Mark Hunter regularly runs this course for undergraduate students at UTSC. An outline of the course, as well as profiles from two of his students, and the projects they worked on, can be found below.
This course’s point of departure is that education both results from and shapes the social geography of societies. Where we go to school and how we perform at school depends to a great deal on what country, region, and part of town we live in; the social class and race of our parent or parents/guardians; the level of public funding allocated to schooling; and our interaction with our friends and family. All of these issues are inherently geographical. A school located in a million-dollar suburb of Toronto generally does better than one located next to social housing; a school in the global South is generally funded less than one in the North—and so on.
Publicly funded education institutions, it is generally said, enable the poor to climb the social ladder. In some cases, this vision can be true. But in the first section of this course we will explore why this is often not the case by considering questions of class, race, and gender. We then turn to some specifically geographical questions on transnational mobility and movement within cities for schooling. We also look in detail at the history of residential schools in Canada.
In 2019 we will have a special focus throughout the course on a simple question: why do students drop out of UTSC? This will be the basis of your final paper.
Student Research Projects
Institutional Failure Masked Behind Prestige: A Case Study on Chloe Silverado – by Vallari Patel
Like most high school students who start their Post-Secondary Education process, Chloe Silvarado (pseudonym), a Egypt-born Canadian National, weighed out her options for different universities but felt a greater pull to go to the University of Toronto Scarborough (UTSC). Her pull was largely due to the prestige associated with the institution and the convenience of being able to live with her cousin, who at the time was in her first year at UTSC, living in Toronto while Chloe lived in Egypt. Chloe’s cousin eventually graduated with honours, majoring in **********. Chloe and her cousin follow in the footsteps of their parents for higher education, their father, a civil engineer and their mother had completed her Masters and was an elementary school teacher in Egypt.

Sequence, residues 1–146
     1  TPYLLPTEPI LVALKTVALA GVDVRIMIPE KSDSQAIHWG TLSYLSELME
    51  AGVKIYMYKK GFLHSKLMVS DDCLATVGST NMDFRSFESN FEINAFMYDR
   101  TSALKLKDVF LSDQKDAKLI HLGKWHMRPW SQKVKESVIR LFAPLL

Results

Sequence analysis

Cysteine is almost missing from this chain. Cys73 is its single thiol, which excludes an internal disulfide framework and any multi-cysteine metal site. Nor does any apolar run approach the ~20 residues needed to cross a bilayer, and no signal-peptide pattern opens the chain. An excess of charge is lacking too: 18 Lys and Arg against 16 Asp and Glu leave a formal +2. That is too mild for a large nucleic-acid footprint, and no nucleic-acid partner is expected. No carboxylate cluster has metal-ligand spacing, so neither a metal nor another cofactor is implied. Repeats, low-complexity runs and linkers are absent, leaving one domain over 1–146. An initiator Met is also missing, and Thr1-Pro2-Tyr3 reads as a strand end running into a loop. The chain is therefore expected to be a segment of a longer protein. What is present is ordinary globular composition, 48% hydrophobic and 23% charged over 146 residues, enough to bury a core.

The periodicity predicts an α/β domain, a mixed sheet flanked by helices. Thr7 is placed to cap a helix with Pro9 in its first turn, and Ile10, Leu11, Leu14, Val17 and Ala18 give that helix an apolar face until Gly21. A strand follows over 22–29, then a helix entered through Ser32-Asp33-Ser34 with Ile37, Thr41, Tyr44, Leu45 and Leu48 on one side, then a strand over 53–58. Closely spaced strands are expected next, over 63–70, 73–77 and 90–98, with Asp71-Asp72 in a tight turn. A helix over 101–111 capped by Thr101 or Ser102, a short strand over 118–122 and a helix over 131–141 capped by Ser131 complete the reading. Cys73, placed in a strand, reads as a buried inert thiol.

The Friends We No Longer See: An Examination on Why Students Drop-Out of UTSC – by Andrew Opper
Derek (pseudonym) dropped out of UTSC because of his abysmal academic grades. His poor grades would be apparent to anyone who looked at his transcript or attendance record. However, if we genuinely want to understand why he dropped-out, we must look more closely at the reasons why he failed his classes. Students like Derek drop-out of UTSC because even though they lack the abilities, skills, and mindsets to excel in a university setting; they are streamed into universities by socio-economic systems. Due to personal circumstances, they lack the cultural capital to navigate services. Educational institutions profit from inflating marks and accepting students. Students get inappropriately streamed into settings that do not match their skill sets. Many of these students and their parents unwisely put all their trust in a system that they believe is fair and just. This report is not arguing that people who do not attend universities are less talented or skilled. However, they merely have skill sets that are better fostered and utilized elsewhere. Derek shows us that not all people are destined for university or should they feel they have to be.
Why do students drop out of UTSC? – by Frankie Leung
Ken (pseudonym), a current third-year ********** student at UTSC, is the interviewee of the research on the topic. We met through a club activity and by the time I mentioned I was working on a paper about why students drop out of UTSC, he volunteered to be my interviewee. Through his answers to the questionnaire, I was able to discover his struggle for studying at UTSC. A possible hypothesis of him dropping out is how the negative experiences from UTSC pushed students to drop out. This paper will be discussing the topic in three parts: a summary from the interview, a cross-reference of the interview result of the class and lastly, the connection between lecture readings.
Exploring the Role of Mental Health in Post-Secondary Success – by Ramezz Safadal
In October of 2019, I reached out to a friend and former classmate to conduct an interview on his reasoning for dropping out of university. This interview allowed me to collect research, which aided me in answering the following question: Why do students drop out of the University of Toronto Scarborough (UTSC)? The interviewee gave me permission to use all information gathered except their name, as he would like to remain anonymous. In preserving confidentiality, the interviewee will be referred to as Robert.